Etymology
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Words related to come

*gwa- 

*gwā-, also *gwem-, Proto-Indo-European root meaning "to go, come."

It forms all or part of: acrobat; adiabatic; advent; adventitious; adventure; amphisbaena; anabasis; avenue; base (n.) "bottom of anything;" basis; become; circumvent; come; contravene; convene; convenient; convent; conventicle; convention; coven; covenant; diabetes; ecbatic; event; eventual; hyperbaton; hypnobate; intervene; intervenient; intervention; invent; invention; inventory; juggernaut; katabatic; misadventure; parvenu; prevenient; prevent; provenance; provenience; revenant; revenue; souvenir; subvention; supervene; venire; venue; welcome.

It is the hypothetical source of/evidence for its existence is provided by: Sanskrit gamati "he goes," Avestan jamaiti "goes," Tocharian kakmu "come," Lithuanian gemu, gimti "to be born," Greek bainein "to go, walk, step," Latin venire "to come," Old English cuman "come, approach," German kommen, Gothic qiman.

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U 

for historical evolution, see V. Used punningly for you by 1588 ["Love's Labour's Lost," V.i.60], not long after the pronunciation shift that made the vowel a homonym of the pronoun. As a simple shorthand (without intentional word-play), it is recorded from 1862. Common in business abbreviations since 1923 (such as U-Haul, attested from 1951).

The substitution of Middle English -o- for Old English -u- before -m-, -n-, or -r- was a French scribal habit before minims to avoid misreading the letters in the old style handwriting, which jammed them together. The practice transformed some, come, monk, tongue, worm.

cum 

verb ("to ejaculate") and noun ("semen"), by 1973, apparently a variant of come in the sexual sense that originated in pornographic writing, perhaps first in the noun. This "experience sexual orgasm" slang meaning of come (perhaps originally come off) is attested by 1650, in "Walking In A Meadowe Greene," in a folio of "loose songs" collected by Bishop Percy.

They lay soe close together,
   they made me much to wonder;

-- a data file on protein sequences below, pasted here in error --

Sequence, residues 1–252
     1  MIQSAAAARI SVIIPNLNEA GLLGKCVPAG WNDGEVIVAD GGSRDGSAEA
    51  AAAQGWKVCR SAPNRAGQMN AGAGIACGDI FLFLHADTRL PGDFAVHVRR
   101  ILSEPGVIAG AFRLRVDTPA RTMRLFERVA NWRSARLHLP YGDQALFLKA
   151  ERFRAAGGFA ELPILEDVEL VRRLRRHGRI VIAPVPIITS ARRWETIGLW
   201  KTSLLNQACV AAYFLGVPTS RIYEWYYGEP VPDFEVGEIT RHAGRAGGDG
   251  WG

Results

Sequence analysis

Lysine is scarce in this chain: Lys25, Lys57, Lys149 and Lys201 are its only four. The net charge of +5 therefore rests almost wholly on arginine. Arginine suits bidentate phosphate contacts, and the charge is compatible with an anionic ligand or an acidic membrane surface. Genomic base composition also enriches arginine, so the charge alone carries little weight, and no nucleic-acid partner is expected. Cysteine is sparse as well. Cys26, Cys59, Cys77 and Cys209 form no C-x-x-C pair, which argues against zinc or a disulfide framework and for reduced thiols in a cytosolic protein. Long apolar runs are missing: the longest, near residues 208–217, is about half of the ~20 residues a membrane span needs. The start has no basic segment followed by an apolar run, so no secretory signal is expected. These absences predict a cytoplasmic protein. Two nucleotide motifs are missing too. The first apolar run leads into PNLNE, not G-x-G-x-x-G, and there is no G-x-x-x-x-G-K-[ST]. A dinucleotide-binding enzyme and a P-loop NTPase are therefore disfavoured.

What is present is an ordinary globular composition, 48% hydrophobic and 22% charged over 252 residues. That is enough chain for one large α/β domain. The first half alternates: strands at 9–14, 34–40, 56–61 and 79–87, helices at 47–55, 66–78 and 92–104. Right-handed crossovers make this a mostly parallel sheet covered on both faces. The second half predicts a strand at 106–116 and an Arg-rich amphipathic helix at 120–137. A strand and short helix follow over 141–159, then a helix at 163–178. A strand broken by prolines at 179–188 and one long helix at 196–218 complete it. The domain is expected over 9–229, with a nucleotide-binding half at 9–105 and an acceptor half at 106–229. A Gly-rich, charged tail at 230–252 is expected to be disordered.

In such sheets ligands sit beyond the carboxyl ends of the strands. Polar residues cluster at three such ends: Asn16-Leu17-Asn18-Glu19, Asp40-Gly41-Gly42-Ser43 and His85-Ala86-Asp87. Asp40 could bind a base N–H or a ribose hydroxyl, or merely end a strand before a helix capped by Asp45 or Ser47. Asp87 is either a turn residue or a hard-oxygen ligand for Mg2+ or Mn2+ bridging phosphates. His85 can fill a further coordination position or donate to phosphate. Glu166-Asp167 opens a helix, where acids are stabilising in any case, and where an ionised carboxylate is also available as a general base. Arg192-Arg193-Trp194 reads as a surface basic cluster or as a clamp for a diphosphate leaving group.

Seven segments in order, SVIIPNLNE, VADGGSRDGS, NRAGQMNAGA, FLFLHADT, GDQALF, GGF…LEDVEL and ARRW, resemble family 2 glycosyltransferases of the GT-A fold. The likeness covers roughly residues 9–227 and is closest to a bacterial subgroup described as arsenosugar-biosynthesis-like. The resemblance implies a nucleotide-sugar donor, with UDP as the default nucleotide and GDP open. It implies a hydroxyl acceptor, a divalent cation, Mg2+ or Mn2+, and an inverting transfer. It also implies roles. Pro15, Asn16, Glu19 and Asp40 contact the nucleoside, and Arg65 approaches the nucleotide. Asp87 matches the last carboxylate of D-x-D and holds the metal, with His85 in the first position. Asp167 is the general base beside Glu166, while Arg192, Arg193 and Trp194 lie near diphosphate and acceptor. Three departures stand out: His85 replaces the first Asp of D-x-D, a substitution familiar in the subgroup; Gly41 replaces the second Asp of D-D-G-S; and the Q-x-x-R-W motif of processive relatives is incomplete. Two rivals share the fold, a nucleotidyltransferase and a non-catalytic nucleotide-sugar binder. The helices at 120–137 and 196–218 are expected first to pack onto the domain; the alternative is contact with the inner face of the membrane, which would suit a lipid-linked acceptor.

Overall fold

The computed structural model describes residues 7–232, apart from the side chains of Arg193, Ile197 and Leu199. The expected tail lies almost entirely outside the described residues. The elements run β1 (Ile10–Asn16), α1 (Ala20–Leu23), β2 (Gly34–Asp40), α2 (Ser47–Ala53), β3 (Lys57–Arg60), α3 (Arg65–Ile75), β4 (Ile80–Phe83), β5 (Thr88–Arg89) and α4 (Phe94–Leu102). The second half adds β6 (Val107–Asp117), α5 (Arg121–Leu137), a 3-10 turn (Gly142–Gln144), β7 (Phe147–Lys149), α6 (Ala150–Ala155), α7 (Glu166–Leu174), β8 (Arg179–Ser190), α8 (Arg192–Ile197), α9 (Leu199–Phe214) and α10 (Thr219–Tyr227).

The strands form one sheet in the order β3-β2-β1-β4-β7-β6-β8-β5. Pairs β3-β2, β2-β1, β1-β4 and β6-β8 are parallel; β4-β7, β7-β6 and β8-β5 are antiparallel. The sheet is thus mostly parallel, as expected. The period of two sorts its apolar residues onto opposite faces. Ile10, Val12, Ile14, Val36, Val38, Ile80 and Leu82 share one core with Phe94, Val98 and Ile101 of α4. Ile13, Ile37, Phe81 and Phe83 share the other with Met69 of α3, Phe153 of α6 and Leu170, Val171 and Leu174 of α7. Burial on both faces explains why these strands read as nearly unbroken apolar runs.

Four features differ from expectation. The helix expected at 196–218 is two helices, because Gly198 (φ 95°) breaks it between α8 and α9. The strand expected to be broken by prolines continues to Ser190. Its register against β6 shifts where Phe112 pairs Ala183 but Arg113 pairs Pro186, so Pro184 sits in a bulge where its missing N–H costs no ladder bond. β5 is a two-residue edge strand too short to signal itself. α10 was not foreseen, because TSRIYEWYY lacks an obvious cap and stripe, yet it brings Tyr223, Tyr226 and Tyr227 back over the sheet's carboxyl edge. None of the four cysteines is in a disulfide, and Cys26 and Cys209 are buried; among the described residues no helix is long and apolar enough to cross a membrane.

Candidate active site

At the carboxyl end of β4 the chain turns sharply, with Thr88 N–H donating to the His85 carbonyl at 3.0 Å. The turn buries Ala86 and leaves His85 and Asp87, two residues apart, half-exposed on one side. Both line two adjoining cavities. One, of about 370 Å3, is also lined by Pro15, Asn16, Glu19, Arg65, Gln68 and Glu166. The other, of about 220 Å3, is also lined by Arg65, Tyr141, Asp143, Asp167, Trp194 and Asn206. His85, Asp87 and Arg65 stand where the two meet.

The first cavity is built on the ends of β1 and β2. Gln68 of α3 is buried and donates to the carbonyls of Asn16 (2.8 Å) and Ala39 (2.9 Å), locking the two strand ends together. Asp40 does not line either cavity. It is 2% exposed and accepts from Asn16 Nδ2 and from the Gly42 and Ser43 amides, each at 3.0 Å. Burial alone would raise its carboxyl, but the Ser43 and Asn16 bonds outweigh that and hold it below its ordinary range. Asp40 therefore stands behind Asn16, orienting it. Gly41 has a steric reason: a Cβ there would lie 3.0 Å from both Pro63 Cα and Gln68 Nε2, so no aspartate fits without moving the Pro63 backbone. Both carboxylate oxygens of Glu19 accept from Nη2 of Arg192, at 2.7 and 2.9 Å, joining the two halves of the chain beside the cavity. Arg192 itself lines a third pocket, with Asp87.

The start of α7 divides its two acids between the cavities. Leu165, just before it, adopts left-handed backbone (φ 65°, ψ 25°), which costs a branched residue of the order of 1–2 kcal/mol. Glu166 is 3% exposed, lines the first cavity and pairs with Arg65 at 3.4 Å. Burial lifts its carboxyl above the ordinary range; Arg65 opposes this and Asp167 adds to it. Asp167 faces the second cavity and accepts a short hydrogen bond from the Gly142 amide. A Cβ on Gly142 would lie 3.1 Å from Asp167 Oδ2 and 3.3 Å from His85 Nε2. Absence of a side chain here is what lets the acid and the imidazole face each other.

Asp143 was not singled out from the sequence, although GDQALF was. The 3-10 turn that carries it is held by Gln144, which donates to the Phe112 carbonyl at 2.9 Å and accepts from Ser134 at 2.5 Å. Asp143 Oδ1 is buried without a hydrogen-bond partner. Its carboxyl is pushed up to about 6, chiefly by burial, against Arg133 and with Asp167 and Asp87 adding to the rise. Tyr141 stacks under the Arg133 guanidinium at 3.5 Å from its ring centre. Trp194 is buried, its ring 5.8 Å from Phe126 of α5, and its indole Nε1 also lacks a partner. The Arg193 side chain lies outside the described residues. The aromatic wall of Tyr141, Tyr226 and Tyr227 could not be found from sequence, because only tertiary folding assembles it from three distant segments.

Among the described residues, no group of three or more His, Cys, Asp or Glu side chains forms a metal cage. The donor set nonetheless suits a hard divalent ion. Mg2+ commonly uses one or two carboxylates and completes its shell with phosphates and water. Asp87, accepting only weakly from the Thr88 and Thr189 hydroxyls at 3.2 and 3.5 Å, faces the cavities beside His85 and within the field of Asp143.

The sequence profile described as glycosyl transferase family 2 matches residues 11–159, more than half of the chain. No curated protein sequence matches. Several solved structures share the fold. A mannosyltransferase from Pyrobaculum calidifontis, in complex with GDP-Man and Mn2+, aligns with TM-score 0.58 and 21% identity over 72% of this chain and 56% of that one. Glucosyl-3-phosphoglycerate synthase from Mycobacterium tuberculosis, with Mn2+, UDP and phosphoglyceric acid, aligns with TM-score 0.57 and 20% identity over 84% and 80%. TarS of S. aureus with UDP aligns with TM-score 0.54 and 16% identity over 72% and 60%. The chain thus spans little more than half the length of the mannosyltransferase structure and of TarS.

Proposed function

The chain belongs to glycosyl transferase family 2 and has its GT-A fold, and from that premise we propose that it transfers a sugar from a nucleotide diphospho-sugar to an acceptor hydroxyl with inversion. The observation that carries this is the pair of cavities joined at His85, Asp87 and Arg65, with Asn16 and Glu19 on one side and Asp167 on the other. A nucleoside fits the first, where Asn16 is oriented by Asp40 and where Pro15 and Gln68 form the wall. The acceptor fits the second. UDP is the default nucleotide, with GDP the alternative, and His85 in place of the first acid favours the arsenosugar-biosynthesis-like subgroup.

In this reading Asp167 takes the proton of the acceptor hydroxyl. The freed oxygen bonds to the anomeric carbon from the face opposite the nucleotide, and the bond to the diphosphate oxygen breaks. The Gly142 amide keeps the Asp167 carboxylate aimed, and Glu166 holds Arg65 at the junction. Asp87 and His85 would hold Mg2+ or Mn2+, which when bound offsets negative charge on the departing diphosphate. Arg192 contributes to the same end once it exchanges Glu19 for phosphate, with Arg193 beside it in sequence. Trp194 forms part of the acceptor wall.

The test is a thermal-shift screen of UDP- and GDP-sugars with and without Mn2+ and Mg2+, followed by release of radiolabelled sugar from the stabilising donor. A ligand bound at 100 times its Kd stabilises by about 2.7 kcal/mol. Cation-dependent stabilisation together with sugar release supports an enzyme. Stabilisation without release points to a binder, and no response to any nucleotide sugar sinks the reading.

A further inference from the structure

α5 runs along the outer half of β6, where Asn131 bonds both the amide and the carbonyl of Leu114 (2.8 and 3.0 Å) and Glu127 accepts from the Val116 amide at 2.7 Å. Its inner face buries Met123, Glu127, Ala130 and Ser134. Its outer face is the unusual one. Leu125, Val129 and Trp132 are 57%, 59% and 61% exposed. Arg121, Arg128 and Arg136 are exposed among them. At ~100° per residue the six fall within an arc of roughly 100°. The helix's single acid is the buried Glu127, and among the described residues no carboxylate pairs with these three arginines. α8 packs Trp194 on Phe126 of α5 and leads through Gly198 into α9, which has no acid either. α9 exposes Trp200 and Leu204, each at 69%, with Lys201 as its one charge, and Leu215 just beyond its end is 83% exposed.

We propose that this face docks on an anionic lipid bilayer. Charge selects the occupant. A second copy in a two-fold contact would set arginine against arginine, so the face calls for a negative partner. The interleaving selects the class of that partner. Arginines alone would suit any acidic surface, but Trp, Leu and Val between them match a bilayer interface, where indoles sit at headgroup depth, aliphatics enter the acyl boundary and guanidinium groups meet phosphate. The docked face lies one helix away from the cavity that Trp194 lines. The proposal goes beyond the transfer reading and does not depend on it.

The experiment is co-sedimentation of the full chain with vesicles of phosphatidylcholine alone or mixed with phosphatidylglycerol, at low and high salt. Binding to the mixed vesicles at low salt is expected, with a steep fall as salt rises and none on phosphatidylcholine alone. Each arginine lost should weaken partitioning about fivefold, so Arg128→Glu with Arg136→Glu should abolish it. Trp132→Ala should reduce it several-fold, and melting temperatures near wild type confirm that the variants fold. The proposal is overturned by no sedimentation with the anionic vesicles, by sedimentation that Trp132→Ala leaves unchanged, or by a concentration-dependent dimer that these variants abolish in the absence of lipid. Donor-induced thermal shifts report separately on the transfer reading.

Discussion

I knew not which was wether,
   vntill I saw her vnder.
then off he came & blusht for shame
   soe soone that he had endit;
yet still shee lyes, & to him cryes,
   "Once More, & none can mend it."

It probably is older and disguised in puns, e.g. "I come, I come, sweet death, rock me a-sleep!" ["Nashe His Dildo," 1590s]

As a noun meaning "semen or other product of orgasm" come is attested by the 1920s.

The sexual cum seems to have no connection with Latin cum, the preposition meaning "with, together with, in connection with" (an archaic form of com; see com-) which English uses on occasion in names of combined parishes or benefices (such as Chorlton-cum-Hardy), in popular Latin phrases (such as cum laude), or as a combining word to indicate a dual nature or function (such as slumber party-cum-bloodbath).

become (v.)

Middle English bicomen, from Old English becuman "happen, come about, befall," also "meet with, fall in with; arrive, approach, enter," from Proto-Germanic *bikweman (source also of Dutch bekomen, Old High German biqueman "obtain," German bekommen, Gothic biquiman). A compound of the sources of be- and come (v.).

It drove out Old English weorðan "to befall." The older sense is preserved in what has become of it? The meaning "change from one state of existence to another" is from 12c. The meaning "to look well, suit or be suitable to" is by early 14c., from the earlier sense of "to agree with, be fitting or proper" (early 13c.).

c'mon (v.)

representing the common pronunciation of the verbal phrase come on, by 1929. Come on! as an urge to advance or go with is from mid-15c. (see come).

came 

past tense of come.

come-at-able (adj.)

"capable of being approached, attainable," 1680s, from come + at + -able.

comeback (n.)

also come-back, 1889 as "verbal retort," from the verbal phrase; see come + back (adv.). Meaning "recovery, return to former position or condition after retirement or loss" is attested from 1908, American English.

come-down (n.)

"setback, sudden change for the worse in one's circumstances," 1840, from verbal phrase; see come (v.) + down (adv.). In 16c.-17c. "total destruction" was expressed metaphorically as "to come to Castle Comedown" (1560s).

come-outer (n.)

1850, U.S. slang, "one who abandons or dissents from an established creed or religious custom," from verbal phrase; see come + out (adv.).